American-born Chief Rabbi Michael Schudrich defended continuing shechita as usual, saying that the Jewish community has spoken with several top constitutional lawyers who believe that it "is already legal." The Jewish community "did a big shechita" a week-and-a-half ago, Schudrich said.


It seems Polish Jews are consequent while Polish Poles aren`t.
rozumiemnic 8 | 3,679    
9 Aug 2013  #5
so you mean that unless someone is Christian/Catholic they are not Polish?
is that what you are saying?
reminds me of Ireland, no wonder so many people left.
OP pawian 151 | 7,986    
9 Aug 2013  #6
Where did I say or at least hinted at it? Funny but I sometimes think you have major problems understanding even such simple English as I use...... :):):)
rozumiemnic 8 | 3,679    
9 Aug 2013  #7
it was your final sentence about 'polish poles' that made me wonder.
anyway another whining about Jews thread is it?
yawn.
OP pawian 151 | 7,986    
9 Aug 2013  #8
Don`t be silly. Polish Poles was certain shortcut. Excuse my English, if necessary.

I hope your mare is more intelligent. I am sure if she was an active member of the forum for such a long time as you, she wouldn`t ask such stupid questions. :):):)

Goodnight. :):)
rozumiemnic 8 | 3,679    
9 Aug 2013  #9
I can assure you I am not 'stupid', 'silly' or lacking in 'intelligence'.
i suppose being a schoolteacher you are in the habit of saying such things to people who do not agree with you,
and then shouting 'goodnight' to prevent further words...?
sad but predictable.
OP pawian 151 | 7,986    
9 Aug 2013  #10
I can assure you I am not 'stupid', 'silly' or lacking in 'intelligence'.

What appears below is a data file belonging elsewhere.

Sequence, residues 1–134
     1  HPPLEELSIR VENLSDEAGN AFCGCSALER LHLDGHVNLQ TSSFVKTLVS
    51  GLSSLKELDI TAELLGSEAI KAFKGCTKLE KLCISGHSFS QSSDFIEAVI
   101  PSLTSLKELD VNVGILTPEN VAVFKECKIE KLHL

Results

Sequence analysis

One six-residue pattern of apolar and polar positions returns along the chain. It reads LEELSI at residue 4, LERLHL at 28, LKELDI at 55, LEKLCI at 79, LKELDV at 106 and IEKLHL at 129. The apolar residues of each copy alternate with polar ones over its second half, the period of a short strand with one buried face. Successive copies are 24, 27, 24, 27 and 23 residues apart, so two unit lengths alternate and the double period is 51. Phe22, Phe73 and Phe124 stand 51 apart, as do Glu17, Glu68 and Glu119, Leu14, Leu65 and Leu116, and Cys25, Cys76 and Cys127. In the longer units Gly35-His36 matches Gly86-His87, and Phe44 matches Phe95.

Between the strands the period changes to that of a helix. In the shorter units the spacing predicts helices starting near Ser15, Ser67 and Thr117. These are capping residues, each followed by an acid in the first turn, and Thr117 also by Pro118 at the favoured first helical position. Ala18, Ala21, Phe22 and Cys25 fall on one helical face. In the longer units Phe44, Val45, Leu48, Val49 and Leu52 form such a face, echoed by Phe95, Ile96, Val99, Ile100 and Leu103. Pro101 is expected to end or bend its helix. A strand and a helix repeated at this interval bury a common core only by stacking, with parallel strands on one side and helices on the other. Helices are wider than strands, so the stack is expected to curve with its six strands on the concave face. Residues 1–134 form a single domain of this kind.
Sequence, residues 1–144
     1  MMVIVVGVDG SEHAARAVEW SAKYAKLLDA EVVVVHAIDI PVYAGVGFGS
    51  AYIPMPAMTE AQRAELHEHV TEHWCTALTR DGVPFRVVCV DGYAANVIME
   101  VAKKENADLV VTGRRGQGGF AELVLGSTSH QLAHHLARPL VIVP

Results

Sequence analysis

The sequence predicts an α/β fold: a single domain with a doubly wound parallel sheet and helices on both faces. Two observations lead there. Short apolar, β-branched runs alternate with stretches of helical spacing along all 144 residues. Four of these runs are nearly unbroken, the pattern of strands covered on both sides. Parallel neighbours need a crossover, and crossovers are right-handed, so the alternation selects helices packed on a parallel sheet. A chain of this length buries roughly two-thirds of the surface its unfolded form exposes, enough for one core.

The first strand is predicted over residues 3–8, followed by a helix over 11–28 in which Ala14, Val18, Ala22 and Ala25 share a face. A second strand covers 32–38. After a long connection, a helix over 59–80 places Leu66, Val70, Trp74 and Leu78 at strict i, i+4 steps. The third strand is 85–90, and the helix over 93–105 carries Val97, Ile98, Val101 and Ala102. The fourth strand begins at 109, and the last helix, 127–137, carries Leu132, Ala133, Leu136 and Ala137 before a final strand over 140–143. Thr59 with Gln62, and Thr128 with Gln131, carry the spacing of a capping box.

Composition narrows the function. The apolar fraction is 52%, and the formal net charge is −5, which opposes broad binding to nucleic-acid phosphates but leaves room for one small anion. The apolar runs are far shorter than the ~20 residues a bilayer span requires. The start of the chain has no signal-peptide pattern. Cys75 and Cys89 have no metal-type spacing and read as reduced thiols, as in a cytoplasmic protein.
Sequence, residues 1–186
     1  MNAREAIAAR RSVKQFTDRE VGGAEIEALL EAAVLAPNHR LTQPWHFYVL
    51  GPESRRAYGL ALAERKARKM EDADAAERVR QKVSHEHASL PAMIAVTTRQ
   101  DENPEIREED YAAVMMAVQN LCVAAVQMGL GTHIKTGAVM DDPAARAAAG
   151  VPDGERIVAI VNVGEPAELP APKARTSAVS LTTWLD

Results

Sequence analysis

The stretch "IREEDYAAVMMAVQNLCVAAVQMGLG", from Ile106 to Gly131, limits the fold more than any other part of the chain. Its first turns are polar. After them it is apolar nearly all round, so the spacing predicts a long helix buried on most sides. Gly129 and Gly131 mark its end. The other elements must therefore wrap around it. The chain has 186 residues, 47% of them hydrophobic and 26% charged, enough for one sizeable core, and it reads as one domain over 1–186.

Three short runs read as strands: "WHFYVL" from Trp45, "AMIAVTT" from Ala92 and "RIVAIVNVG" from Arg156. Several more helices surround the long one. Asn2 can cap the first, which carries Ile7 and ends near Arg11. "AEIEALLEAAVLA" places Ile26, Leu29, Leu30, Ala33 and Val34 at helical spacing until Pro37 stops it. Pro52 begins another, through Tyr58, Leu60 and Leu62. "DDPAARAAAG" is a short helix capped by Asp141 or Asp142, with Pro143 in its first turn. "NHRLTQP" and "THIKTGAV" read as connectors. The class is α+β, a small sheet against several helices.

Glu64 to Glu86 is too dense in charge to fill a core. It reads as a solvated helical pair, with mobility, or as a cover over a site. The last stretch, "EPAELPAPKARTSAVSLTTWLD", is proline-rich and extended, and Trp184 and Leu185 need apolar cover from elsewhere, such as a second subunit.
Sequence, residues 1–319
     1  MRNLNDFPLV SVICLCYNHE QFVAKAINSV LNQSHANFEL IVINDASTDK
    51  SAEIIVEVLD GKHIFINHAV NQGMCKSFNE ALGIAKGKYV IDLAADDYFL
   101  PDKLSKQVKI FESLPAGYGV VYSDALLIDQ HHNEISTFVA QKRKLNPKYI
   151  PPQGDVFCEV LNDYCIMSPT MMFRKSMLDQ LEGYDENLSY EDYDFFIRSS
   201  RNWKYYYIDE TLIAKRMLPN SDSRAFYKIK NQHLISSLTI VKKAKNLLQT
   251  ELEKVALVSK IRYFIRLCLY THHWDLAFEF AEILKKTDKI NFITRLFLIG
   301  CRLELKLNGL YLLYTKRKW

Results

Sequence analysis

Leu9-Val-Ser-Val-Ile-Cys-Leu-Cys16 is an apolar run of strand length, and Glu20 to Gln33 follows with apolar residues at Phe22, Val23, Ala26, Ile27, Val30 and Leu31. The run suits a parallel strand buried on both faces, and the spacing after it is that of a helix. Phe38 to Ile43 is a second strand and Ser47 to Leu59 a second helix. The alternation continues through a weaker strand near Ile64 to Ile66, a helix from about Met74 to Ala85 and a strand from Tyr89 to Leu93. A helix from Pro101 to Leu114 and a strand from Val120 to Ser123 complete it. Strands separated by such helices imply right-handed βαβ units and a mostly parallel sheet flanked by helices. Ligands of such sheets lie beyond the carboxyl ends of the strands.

Never mind. If you are or not, it is too late to do anything with it now.

shouting 'goodnight' to prevent further words...?

Silly again. :):)

sad but predictable.

I have a vague impression I am wasting my time with you, but you are lucky, it is holidays. :):)
Wlodzimierz 4 | 544    
10 Aug 2013  #11
By "inconsequent" (niekonsekventny), do you possibly mean "inconsistent"?? "Inconsequent" isn't English:-) "Inconsequential" does indeed exist, and means "unimportant" (nieważny)

lol
pam    
10 Aug 2013  #12
"Inconsequent" isn't English:-

It is:

thefreedictionary.com/inconsequent
Ant63 11 | 403    
10 Aug 2013  #13
It is:

But it doesn't sound correct in the context. I had to check it myself yesterday.
mafketis 17 | 6,756    
10 Aug 2013  #14
It is:

The fact that it can be found in a dictionary doesn't mean

a. it's in normal frequent use (like niekonsekwenty in Polish)

b. most educated native speakers would understand it (I only understood because I know the word niekonsekwenty)

c. it's a good way to get the idea of 'niekonsekwenty' across in English.

A far, far better translation of niekonsekwenty is either 'inconsistent' or some kind of phrase 'don't finish what they start' or 'do everything half way'.
Wlodzimierz 4 | 544    
10 Aug 2013  #15
Lots of times, a word may exist in any language, yet be so little used that it's very usage sounds flat wrong, i.e. unnatural:-)
pam    
11 Aug 2013  #16
But it doesn't sound correct in the context.

Agreed

a. it's in normal frequent use

I don't think I've ever used this word, so true.
Was only pointing out that the word is actually English, nothing more :)
rozumiemnic 8 | 3,679    
11 Aug 2013  #17
'inconsequential' or 'of no consequence' would sound more natural
OP pawian 151 | 7,986    
15 Aug 2013  #18
Thank yuo all for yuor linguistik expertise. It is raelly appreicated.:):):)
Wlodzimierz 4 | 544    
15 Aug 2013  #19
I agree:-)

Only how is "inconsequence" a word describing a Polish trait? Once again, a person's work may well be "inconsequential" or "of no consequence", but surely, the quality of a person or their word is "inconsistent", is it not? In German too, "konsequent" means "inconsistent" and sounds like an English word, though of course, is one of those false friends along with "aktuell" (up to date, NOT "actually") etc...
OP pawian 151 | 7,986    
15 Aug 2013  #20
Never mind, raelly, Włodek.

Next example : many times Poles didn`t take advantage of the victories they gained over enemies:
Battle at Grunwald